Alumni Speak

Apeejay’s foundation made me follow my idealism of regenerative architecture: Tushar Mittal

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Tushar Mittal

Tushar Mittal (30), an alumnus of AIT-SAP, batch 2008-2013, is the author of Book, “Beyond Sustainability: moving towards regenerative architecture” published in 2020. He did his masters from Singapore. He has worked in both private and public
institutions in India and Singapore. He has been involved in research on Additive Manufacturing with academia and won A’ Design Award in 2018 in Milan and has also served as a guest jury at National University of Singapore. He has co-founded his Regenerative Design practice, City Lab India along with his wife.

How do you see yourself in the Architecture world?

I consider myself a lifelong student of architecture as there’s so much to learn and appreciate that one has to always be eager and curious to know more. A long time back, my professor once told us in class, being curious is one of the most important skillsets that one can have. As without context and a desire to be curious, any facts or information received becomes analogous to a person providing a phone number: entering it into short-term memory for immediate use, but having that knowledge depart just as rapidly. 

I personally believe in the autonomy of architecture as a discipline which means that part of the purpose of architecture is to construct new forms of knowledge that relate to the advancement of the discipline itself. The aspect of knowledge creation through architecture is interesting as well as challenging but indeed something for which the society as a whole can appreciate the role of architects in society. 

There are many thought leaders who believe architecture is way beyond its boundary and transcends further, similar to a complex machine that as a whole works perfectly but individually each nut and bolt is essential for its functioning. I am a firm believer in this philosophy which transcends me towards ‘Regenerative Design’.

How important is sustainable architecture?
Sustainability has set the right foundation for the discourse on limited resources, human actions, and their repercussions on the environment. But it has failed to raise the conversation beyond this and confined itself to ‘let’s be better’ than what we are.
That’s why I make an argument for going beyond sustainability and regenerative architecture, which is the progression. To sustain is not merely enough in the present scenario and it needs a major overhaul.

What made you inclined towards regenerative architecture?
I think it’s the natural progression for anyone who understands the carbon footprint contribution of the construction industry and how we as architects need to be a lot more responsible about the way we construct and define the scope of projects.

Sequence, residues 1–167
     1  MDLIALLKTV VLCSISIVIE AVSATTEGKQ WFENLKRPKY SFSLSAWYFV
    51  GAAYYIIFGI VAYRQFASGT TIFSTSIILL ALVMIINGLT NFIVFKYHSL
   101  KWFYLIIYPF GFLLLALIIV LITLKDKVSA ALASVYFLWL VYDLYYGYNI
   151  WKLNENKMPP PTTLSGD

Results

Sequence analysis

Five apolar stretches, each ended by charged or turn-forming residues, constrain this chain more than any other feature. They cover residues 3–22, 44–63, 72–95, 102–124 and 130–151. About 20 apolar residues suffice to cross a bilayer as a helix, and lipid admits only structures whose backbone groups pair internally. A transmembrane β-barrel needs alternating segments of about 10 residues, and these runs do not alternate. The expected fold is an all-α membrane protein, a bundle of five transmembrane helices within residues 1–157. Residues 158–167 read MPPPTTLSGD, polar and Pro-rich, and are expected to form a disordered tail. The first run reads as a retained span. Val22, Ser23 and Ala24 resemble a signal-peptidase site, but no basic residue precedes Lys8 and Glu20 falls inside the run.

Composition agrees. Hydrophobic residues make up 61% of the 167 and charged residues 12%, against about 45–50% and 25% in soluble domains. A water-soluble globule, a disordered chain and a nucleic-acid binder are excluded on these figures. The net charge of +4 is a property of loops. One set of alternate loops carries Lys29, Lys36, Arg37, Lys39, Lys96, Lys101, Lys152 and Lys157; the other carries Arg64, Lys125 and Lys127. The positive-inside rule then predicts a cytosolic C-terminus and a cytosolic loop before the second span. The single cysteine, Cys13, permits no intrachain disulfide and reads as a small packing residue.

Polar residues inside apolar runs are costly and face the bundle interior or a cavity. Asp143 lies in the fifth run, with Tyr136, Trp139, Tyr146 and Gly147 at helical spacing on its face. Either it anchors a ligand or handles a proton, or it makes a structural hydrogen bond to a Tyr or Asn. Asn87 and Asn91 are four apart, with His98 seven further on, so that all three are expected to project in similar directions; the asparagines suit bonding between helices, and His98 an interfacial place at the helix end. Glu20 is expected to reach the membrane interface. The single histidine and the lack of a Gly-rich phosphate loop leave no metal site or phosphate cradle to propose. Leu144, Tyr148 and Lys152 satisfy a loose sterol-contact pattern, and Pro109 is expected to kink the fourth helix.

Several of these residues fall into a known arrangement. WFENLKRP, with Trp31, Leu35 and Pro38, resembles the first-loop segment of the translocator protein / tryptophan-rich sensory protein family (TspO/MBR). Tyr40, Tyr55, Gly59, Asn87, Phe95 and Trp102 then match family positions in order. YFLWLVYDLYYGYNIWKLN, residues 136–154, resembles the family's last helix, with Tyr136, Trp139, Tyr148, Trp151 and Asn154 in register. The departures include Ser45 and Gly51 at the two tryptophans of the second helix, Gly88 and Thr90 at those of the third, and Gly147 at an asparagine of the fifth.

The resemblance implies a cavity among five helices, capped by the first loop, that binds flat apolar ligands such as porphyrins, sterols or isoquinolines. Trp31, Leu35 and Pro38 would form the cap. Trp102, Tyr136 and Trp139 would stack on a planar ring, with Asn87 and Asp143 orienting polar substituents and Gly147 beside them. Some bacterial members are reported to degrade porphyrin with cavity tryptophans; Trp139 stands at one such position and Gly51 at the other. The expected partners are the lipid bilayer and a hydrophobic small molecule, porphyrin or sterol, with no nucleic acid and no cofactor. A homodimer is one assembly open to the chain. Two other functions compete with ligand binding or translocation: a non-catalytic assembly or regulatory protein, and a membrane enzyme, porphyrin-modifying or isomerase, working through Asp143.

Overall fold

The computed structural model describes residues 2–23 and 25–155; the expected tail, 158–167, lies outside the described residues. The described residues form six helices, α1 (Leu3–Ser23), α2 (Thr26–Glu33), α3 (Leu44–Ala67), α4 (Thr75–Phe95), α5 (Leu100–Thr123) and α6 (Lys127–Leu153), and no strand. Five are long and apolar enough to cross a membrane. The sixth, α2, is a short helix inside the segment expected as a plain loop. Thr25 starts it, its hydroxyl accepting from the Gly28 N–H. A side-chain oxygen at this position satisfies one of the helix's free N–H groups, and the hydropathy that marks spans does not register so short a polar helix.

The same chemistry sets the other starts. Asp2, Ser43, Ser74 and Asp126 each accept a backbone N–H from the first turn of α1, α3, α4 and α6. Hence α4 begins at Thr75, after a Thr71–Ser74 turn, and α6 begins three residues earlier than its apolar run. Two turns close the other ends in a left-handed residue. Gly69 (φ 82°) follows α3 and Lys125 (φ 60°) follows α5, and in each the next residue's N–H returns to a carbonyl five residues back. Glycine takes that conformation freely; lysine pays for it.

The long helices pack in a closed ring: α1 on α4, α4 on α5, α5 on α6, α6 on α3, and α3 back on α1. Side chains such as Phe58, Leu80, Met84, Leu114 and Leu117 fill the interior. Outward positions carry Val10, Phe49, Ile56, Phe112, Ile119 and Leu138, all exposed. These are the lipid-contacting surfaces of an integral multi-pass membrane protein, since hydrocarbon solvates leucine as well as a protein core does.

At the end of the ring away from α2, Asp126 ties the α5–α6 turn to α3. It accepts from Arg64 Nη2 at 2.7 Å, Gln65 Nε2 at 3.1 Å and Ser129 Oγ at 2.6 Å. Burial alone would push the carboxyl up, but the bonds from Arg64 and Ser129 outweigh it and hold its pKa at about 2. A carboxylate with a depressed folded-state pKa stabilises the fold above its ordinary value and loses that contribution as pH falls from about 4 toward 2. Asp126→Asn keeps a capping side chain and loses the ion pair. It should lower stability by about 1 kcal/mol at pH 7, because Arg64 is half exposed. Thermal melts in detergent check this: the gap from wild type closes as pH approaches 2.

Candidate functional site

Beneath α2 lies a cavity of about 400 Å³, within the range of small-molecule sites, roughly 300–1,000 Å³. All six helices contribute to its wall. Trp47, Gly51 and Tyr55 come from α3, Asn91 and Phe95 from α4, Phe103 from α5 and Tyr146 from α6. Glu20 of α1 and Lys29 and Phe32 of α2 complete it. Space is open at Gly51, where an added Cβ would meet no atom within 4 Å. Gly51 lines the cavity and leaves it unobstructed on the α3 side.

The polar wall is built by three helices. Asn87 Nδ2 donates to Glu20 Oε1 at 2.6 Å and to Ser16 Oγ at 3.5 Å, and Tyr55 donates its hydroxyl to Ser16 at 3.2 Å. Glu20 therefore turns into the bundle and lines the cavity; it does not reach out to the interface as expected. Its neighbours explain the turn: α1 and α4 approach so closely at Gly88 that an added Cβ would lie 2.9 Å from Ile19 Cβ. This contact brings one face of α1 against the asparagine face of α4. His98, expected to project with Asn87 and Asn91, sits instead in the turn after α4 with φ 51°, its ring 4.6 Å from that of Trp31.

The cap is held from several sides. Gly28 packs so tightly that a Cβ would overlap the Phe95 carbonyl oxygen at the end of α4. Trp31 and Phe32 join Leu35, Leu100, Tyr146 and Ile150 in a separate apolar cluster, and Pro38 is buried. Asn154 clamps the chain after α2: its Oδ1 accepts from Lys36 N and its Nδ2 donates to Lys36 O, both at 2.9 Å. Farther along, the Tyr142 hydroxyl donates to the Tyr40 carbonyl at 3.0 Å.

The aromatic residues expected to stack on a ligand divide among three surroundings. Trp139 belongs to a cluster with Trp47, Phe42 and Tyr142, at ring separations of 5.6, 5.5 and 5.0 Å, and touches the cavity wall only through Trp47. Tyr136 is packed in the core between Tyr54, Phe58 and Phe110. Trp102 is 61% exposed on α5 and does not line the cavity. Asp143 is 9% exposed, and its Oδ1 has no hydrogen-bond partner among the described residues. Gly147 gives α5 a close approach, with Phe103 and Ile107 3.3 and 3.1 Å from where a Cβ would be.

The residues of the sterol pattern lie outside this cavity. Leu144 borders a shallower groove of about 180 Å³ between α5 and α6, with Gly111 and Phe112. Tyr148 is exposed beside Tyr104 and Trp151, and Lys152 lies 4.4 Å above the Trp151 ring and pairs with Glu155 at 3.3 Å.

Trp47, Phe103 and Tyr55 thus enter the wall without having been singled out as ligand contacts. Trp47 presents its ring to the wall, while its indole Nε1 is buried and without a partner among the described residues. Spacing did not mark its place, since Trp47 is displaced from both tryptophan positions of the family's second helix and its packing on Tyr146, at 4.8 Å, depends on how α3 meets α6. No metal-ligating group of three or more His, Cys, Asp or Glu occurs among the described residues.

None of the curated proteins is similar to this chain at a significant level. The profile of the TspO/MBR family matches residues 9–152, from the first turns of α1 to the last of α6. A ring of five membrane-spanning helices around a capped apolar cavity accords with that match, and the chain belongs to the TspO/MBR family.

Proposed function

Regenerative Architecture(RA)  as the name suggests is about restorative justice in the context of the built world. It is the practice of engaging with the natural world that forms the building block of architecture.  It uses limited resources and works on replenishing and enhancing our environment. RA is process-oriented that takes the approach of systems thinking where the needs of the community, along with the integrity of nature are at the forefront of design.

How was your experience of having global exposure?
The globalized economy has created an urgent need to form a globalized outlook today and I am glad that I decided to pursue my Masters from National University of Singapore. It opened new avenues for learning from not just college but also people from diverse backgrounds. It brought fresh perspective to many of the things that I thought were the norm that has helped to trigger new passions.

What made you write a book?
This was a passion project from my bucket list that I was always working on in the background of my day-to-day hustle but Lockdown last year did provide good enough time to introspect and put many of my learnings into writing. The idea was simply to share my understanding on the subject of ‘sustainability in architecture and how we need to go beyond the jargon of the green accreditation agency and the economy that drives it. I am glad that I was able to put forward my thoughts and have received some great responses and feedback not just from the design fraternity but other professionals as well.

Values and learnings you got from Apeejay?
Apeejay has set the right foundation for a lifelong journey in architecture practice and like a building, it is the most vital component that would ensure longevity. Some teachers are still my mentors and I get advice from them. I have gained valuable lessons from peers, seniors, and juniors many of which have transformed into a lifelong friendship.


“An architect, who is a city planner needs to be political, thinker, visionary and have opinions.”

-Tushar Mittal 


Asst Editor ( Newsroom ), who has an experience of a decade in core journalism. Credibility, courage, timelines and media ethics are some of her professional traits.You can reach her at: [email protected]

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